Winter Hiking Archives - Page 10 of 10 - Appalachian Mountain Club

Winter Hiking

You can easily burn 4,000 calories a day or more on a cold-weather adventure, which makes it crucial to consume sufficient high-energy food for body heat and go-power. Carbohydrates, especially simple sugars, provide the fastest energy and should be your primary source of daytime calories. Energy bars and candy bars turn into rock-hard bricks in…

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A round-up of everything you wear, from head to toe, with some commentary on my personal preferences. Head, Face, and Neck You likely won’t need every square inch of your head and face covered while winter camping, but if you plan on heading above treeline in cold, very windy conditions, definitely have the four essentials—liner…

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The snowpack can be tricky and uneven. Hidden soft spots and hard objects lurk within. Use poles to enhance your balance—and to assist your recovery in the event of a tumble. Upgrade three-season trekking poles for winter use by swapping in a pair of winter baskets to prevent the tips from sinking into the snow. Note…

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It was as a young adult that Yemaya Maurer, coauthor of AMC Guide to Winter Hiking & Camping, became aware of the pleasures of traveling through a winter landscape and mourned a childhood that hadn’t included it. As she wrote in the guide’s introduction, she wished she had known as a child “what it was like…

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I wrote about four critical head- and neck-specific items in the January-February issue of AMC Outdoors—liner balaclava, hat, face mask, and goggles—but there’s one more layer of protection worth highlighting: a good, properly-fitting jacket hood. Here’s what to look for. First, it should be completely wind-proof to offer total protection even in extreme conditions. Any…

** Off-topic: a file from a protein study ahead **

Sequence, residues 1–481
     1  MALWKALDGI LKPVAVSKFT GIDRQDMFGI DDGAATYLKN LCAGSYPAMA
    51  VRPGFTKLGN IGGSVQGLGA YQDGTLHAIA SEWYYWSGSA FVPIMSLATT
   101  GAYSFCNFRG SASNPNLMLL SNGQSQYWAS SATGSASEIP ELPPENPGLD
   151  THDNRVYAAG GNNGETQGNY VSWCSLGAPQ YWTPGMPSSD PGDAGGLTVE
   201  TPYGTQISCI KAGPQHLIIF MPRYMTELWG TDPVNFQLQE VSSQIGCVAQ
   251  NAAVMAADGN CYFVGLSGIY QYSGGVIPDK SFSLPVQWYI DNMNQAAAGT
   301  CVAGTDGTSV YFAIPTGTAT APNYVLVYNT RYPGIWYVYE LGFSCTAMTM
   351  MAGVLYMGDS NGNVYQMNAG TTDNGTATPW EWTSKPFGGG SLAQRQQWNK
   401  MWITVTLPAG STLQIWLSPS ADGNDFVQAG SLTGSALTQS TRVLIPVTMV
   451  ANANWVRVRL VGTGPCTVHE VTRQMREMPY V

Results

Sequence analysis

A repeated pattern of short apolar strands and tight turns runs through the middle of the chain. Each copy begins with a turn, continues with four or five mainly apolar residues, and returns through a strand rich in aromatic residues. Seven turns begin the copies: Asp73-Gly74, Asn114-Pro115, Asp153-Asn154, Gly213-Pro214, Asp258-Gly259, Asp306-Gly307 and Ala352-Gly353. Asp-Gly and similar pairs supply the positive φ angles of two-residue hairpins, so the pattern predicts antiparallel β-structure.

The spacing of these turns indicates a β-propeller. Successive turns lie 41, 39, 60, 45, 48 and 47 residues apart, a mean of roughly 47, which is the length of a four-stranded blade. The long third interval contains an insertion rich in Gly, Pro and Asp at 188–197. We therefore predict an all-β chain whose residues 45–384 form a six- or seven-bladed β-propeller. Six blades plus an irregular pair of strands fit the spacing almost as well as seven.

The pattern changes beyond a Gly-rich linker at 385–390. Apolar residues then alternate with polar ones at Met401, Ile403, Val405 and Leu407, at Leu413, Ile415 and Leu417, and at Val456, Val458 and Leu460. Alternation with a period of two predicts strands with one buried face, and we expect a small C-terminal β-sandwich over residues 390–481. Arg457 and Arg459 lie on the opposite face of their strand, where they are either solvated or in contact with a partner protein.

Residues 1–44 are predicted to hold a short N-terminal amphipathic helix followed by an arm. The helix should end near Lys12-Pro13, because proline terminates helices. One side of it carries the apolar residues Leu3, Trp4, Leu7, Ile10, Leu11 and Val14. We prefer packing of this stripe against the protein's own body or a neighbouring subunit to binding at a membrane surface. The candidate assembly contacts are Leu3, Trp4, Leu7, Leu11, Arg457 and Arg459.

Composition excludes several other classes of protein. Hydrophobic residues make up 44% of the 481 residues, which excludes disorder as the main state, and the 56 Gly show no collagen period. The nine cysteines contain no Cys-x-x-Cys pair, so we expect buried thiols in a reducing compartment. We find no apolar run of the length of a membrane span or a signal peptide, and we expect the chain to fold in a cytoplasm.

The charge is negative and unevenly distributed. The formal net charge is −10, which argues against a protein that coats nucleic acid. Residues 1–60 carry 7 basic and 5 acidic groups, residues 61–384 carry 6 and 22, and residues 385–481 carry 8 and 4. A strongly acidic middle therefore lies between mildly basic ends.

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Snowshoeing for fun and exercise in the woods and fields close to home doesn’t require a lot of preparation or skills beyond the ability to put one foot in front of the other. But when your adventures take you farther afield into the more challenging terrain of the mountains, a few simple tips and techniques…

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Frigid temperatures and serious winds blast the Northeast’s highest peaks in winter. Frostbite can happen quickly on any exposed skin. For a winter summit attempt, you must be able to protect every square inch of your face, neck, and head. To accomplish this, you need four essential components: a liner balaclava, hat, face mask, and…

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You need not be an experienced mountaineer to enjoy the winter landscape from a mountain summit. Dramatic views from the tops of relatively easy-to-access peaks can be found throughout the Northeast. Just bundle up, pack your winter essentials, and strap on your snowshoes for these seven great hikes. Saint Sauveur Mountain  |  Acadia National Park,…

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A winter hike above treeline is a trip that can be rewarding—but only if you’re prepared for the fierce conditions. A highly effective layering system is vital to keep one comfortable and safe from frostbite. Your head, neck, and face are especially vulnerable to blowing wind, ice, and sub-zero temperatures. In this video, AMC’s Equipped…

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